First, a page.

Martyn Lewis, outgoing chair of NCVO, last week said it was the biggest frustration of his tenure that Acevo could not be persuaded to merge with his charity. David Ainsworth looks into why the merger didn't happen - and whether it should.
Last week Martyn Lewis, chair of NCVO, launched a pretty excoriating attack on Acevo for refusing to merge with his own organisation, accusing it of sandbagging a "necessary and sensible" merger. Lewis didn’t hold back. He made it apparent that he was frustrated with what he saw as a clear failure of leadership and resolve at Acevo.
Two days later Sir Stephen Bubb – chief executive of Acevo until earlier this year, and necessarily a leading component in that putative sandbagging – launched a robust counter attack. He said that Lewis’s memory of events is faulty and his rationale flawed. He said the chief executive of NCVO, Sir Stuart Etherington, didn’t want a merger, and implied that neither did anyone much else.
It’s an unusually strident and public bunfight, but it’s only a public bubbling over on an obvious fractiousness that always existed between the two bodies. The two bodies may share a building, but they are often far apart.
At the heart of the relationship have been Etherington and Bubb – two heavyweights with different styles. It’s hard to understand the debate about the two organisations without viewing it through their prism of their relationship.
Acevo and NCVO were set up for different purposes, but have found themselves doing a lot of the same things. Both leaders are driven by issues of policy – influencing government on behalf of charities. And because of that, the two bodies found themselves overlapping.
At the same time, they were contrasting in their approaches: Etherington is instinctively a behind-the-scenes lobbyist, Bubb much more vocal. The two men have an obvious rivalry, and evidently measure themselves against one another.
Why does NCVO want a merger?
It’s interesting to hear that NCVO has been actively pursuing a merger – or at least its chair has. This has certainly never been the public position of the organisation. NCVO has never so much hinted at wanting one before, despite enthusiastically conducting mergers with four other charities in the last few years.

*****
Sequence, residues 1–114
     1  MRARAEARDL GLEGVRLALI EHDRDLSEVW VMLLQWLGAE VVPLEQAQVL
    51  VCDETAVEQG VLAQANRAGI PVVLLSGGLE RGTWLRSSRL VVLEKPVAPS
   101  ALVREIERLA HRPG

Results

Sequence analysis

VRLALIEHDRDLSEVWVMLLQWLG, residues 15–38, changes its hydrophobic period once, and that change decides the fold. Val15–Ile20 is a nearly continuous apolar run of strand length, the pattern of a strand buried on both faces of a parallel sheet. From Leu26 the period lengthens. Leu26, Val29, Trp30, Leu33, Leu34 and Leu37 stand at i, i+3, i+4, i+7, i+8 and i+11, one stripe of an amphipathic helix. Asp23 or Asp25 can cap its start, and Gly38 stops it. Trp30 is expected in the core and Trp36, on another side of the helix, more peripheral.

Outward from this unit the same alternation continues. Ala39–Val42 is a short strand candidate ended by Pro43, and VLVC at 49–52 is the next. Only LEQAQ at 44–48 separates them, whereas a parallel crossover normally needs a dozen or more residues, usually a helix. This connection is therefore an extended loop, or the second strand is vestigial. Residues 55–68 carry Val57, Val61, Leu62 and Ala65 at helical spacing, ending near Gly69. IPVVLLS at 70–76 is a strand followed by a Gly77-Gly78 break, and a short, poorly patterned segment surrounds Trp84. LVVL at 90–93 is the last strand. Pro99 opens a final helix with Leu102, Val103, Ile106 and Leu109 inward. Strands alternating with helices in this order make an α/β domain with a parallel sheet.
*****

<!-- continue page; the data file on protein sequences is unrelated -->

Certainly a lot of people feel that NCVO and Acevo perform the same function - lobbying government on behalf of the sector - and that having two charities doing this makes it easier for the sector to be ignored or sidelined. NCVO evidently feels this.
NCVO has shown a lot of impatience with Acevo over the years. You get the impression that its staff sometimes felt it was amateur hour on the next floor. So my suspicion is that, at root, the desire for merger was because it would have been the easiest way to shut them up.
Of course, it’s questionable whether making life easier for NCVO is good for the charity sector as a whole. A bit of rivalry always keeps you on your toes.
Why didn’t it happen?
Lewis says that successive Acevo chairs have at least been willing to countenance merger, but the idea was scuppered elsewhere. Lewis evidently suspects Bubb, although he went out of his way to praise him during his speech.
Bubb was certainly a major barrier to merger. Chief executives are always the single biggest barrier to merger in the charity sector. If you’re a chief executive, and your charity mergers with another, you stand a 50 per cent chance of losing your job – more if your charity is the smaller one.